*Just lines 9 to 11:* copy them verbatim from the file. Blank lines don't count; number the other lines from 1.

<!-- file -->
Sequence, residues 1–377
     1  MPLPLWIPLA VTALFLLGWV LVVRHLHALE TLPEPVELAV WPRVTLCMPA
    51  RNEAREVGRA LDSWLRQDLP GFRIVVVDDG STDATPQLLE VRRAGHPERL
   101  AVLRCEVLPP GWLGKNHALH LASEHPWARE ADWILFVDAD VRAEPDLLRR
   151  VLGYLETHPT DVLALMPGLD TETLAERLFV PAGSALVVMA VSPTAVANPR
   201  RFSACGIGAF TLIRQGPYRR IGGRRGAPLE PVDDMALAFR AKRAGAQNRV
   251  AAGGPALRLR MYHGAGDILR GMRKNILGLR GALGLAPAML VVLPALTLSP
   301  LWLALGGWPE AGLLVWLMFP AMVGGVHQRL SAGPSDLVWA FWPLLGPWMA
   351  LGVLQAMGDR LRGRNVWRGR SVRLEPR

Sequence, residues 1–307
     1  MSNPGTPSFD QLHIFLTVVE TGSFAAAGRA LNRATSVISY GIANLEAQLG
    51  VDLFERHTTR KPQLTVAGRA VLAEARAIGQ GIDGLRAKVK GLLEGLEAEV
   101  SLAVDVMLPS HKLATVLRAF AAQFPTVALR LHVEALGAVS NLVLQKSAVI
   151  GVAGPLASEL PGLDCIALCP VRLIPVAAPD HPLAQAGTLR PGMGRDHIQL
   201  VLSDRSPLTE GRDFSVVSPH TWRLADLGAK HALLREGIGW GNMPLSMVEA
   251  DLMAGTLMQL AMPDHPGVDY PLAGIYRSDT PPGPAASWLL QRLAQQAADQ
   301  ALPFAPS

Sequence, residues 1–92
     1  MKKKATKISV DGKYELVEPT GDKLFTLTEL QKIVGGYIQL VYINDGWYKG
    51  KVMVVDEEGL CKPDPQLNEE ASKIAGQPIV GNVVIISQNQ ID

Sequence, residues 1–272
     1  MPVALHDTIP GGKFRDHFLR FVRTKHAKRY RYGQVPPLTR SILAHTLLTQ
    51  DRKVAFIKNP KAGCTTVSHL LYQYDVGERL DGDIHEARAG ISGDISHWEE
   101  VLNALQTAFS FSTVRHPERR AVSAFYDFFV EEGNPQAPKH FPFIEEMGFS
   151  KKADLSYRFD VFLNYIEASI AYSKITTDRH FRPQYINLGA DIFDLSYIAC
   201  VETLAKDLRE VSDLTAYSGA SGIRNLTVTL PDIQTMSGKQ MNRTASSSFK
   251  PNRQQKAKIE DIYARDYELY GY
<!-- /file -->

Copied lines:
   351  LGVLQAMGDR LRGRNVWRGR SVRLEPR

Sequence, residues 1–307
     1  MSNPGTPSFD QLHIFLTVVE TGSFAAAGRA LNRATSVISY GIANLEAQLG